French Saloon – Melbourne, City – Monday 10 April 2017 – Lunch

It is not every day a collection of restaurants has such an impact on a diverse range of dining and drinking experiences. The European, City Wine Shop, and most importantly The Supper Club (and Siglo), are three places that captured my imagination many years ago, and have held it to this day. It seems without even knowing it, the people behind these stunning establishments, have grabbed me in the opposite end of town.

Kirk’s Wine Bar is not a place that grabs your immediate attention. In fact, it looks like a lot of wine bars I’ve been to overseas. It is the feeling here that is special. Somehow many of those I’ve been with there, feel the same way too. The fascinating part is why I feel drawn to it whenever I’m in that part of town, whether shopping, after lunch, for pre-dinner drinks, or pretty much any other time.

Naturally, upstairs was always going to end up capturing my attention. It’s not the same, but the walk up the stairs is a bit like going up to the Supper Club. What is upstairs though is a tribute to the casual dining of France. Not that the French do anything that is actually that casual. The French Saloon is put together in this manner.

There is not a prestigious fitout, and the tables are not overdone, but there is a sense of bistro luxury and a feeling of belonging, even if it is just any other Monday in Autumn. From the greeting to the goodbye, there is an ease about this place. If only the menu were as easy. There was no debate, but after a fair bit of catching up, we really needed to order something.

Chris had his eye on the kingfish which I was happy to share. I like the sound of the spanner crab toast and we ordered one each. It was a great start.

The kingfish is served with delicate presentation, surrounded by thinly sliced cucumber. However, the staff direct you to mix it all up, allowing the sauce to combine with the oil and creating a smart combination. The spanner crab is curiously presented half adorned with avocado, and the other half with salmon roe. The toast works well initially, holding together, until it all falls apart in the last few bites. As you can imagine, using a knife and fork does not inhibit the delicate flavour.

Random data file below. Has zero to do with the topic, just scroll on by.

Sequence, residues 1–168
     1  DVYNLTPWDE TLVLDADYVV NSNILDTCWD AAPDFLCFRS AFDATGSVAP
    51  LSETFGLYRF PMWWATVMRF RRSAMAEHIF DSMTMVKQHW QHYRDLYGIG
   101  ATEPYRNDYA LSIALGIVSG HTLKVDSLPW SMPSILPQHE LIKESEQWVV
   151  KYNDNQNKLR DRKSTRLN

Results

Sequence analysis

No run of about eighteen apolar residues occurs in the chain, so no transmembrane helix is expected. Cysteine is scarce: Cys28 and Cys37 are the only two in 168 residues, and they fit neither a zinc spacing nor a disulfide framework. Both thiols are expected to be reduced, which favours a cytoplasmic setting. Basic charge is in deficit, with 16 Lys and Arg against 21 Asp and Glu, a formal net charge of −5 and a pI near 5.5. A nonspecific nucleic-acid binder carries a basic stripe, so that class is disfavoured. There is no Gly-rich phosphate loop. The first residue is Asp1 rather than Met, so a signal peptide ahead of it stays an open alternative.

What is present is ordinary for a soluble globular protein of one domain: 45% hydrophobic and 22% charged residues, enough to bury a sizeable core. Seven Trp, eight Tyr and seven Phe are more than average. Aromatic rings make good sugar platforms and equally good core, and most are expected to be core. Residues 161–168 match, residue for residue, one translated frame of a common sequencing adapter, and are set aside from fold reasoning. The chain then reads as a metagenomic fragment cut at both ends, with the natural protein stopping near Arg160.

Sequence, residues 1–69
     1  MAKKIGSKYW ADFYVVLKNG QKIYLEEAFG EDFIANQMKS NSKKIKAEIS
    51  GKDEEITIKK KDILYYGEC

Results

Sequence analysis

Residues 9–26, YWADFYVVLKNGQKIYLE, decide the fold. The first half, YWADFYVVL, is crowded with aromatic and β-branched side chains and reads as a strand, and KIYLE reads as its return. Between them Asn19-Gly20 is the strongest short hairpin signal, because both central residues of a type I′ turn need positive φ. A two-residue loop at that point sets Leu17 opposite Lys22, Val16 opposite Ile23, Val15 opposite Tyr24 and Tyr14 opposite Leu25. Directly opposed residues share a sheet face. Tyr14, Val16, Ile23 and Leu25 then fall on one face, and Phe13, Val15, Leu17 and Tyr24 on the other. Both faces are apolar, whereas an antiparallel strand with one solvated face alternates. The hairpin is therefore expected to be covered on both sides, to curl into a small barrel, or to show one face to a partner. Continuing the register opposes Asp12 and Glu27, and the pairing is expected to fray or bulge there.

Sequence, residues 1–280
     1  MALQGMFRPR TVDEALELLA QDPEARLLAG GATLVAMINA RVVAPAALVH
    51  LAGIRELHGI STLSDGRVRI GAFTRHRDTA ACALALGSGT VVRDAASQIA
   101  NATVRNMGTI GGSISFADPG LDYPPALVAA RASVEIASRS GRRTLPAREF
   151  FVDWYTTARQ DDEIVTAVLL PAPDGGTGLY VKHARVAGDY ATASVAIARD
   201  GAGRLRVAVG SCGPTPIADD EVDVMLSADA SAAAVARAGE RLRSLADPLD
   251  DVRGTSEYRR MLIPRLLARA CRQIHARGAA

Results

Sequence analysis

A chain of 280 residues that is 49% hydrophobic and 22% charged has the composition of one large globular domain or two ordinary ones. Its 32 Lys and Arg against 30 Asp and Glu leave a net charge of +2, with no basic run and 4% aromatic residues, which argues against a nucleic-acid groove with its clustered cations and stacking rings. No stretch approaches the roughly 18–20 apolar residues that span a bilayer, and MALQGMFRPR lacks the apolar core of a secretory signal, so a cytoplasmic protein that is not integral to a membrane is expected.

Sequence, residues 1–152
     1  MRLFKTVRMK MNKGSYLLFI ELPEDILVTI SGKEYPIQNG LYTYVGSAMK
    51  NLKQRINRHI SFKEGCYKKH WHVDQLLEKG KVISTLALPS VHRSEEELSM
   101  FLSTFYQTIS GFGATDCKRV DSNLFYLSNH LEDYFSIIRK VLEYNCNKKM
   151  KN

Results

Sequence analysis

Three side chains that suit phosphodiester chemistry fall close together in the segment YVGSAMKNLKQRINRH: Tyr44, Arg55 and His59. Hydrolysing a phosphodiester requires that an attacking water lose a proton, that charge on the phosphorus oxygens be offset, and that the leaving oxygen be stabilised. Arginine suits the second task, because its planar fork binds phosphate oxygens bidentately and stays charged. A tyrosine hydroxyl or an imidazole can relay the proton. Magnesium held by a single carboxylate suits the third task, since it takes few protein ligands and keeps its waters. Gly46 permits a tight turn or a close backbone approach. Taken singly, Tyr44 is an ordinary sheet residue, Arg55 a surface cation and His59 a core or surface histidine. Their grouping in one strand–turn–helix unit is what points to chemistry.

For mains, we had decided to share the Cote de Boeuf, along with a side of fries and of the gem lettuce with anchovy sauce. Having ordered medium rare, the steak seems on the medium side, but was still beautifully tender and well seasoned. The strong jus was absolutely superb, lifting the steak to greater heights. The chips were excellent, while the gem lettuce could have been a touch too powerful with its anchovy dressing, to refresh and dull the impact of the steak and jus.

The Pinot Noir we were drinking from Gippsland was at the suggestion of our waitperson, as the bottle Chris selected was off the list. It was an excellent choice, not necessarily matching our choices perfectly, but versatile enough to enjoy with, or without food. In fact, the service on a reasonably busy Monday lunch was great.

As we finished lunch, I asked Chris about his phone call into 3AW, where he had shared with the breakfast presenters his insights from his experiences at Eleven Madison Park, which had very recently won the title of “world’s best restaurant”. When we walked downstairs Chris saw one of his friends at Kirk’s and he too got asked about the same conversation! Like so many meals, ending it with conversations about other meals seems fitting.

The French Saloon is different to the other offerings of this group, but it has the same hospitable feel and warmth. I’m sold on everything they do, though I almost wish I didn’t know they were all connected.

French Saloon Bar & Bistro Menu, Reviews, Photos, Location and Info - Zomato

Bar Lourinha – Melbourne, City – Monday 17 April 2017 – Dinner

Yellowtail kingfish ‘pancetta’ & lemon oil

Great places do not get old. They have a personality. Like people, some personalities wear thin after many years, and some become old friends.

While I’ve been many times, it wouldn’t add up to once a year since opening. I’m pretty sure the staff have turned-over in their entirety several times. Yet, there is something about this simply furnished restaurant with a dominant bar, that stays fresh.

At the time Bar Lourinha opened, it was a trend setter. Spanish tapas was not new, but it was waiting for a further push. Add to this novel concepts of the time like “no bookings”, the unusual location on Little Collins Street, and that added ingredient of intrigue, and you have a recipe for a hot restaurant.

Merimbula oysters

It has now been open for over a decade. While Bar Lourinha is no longer the trend setter, it is now part of a restaurant culture that makes Melbourne one of the best CBDs in the world to eat in. It is a part of my personal restaurant folklore, and I’m sure many other Melburnians.

Tonight it is yet another meal here, spending the evening with friends after a performance by Stephen K Amos during the Comedy Festival. Natalie is a pescetarian and there are heaps of non-meat options so we are covered. Her other half, Jason, thankfully chooses one meat dish after I twist his arm!

We share several plates that include some Merimbula oysters, fritters of salted cod (bacalau), kingfish, mussels, pumpkin, mushrooms, and chorizo. The Merimbula oysters are fantastic; but the fritters are a bit too dominated by the potato, to fully appreciate the flavour of the cod.

Roasted mushrooms & garlic cream